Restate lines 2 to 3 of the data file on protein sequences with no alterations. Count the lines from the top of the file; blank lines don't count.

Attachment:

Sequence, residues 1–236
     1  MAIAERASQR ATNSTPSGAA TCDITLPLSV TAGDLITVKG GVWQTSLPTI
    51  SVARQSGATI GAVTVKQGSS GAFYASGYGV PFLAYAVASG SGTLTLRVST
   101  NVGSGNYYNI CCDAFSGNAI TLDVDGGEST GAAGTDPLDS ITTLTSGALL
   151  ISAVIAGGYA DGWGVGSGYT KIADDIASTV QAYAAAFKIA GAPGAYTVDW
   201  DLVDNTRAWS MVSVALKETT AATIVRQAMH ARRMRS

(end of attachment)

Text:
     1  MAIAERASQR ATNSTPSGAA TCDITLPLSV TAGDLITVKG GVWQTSLPTI
    51  SVARQSGATI GAVTVKQGSS GAFYASGYGV PFLAYAVASG SGTLTLRVST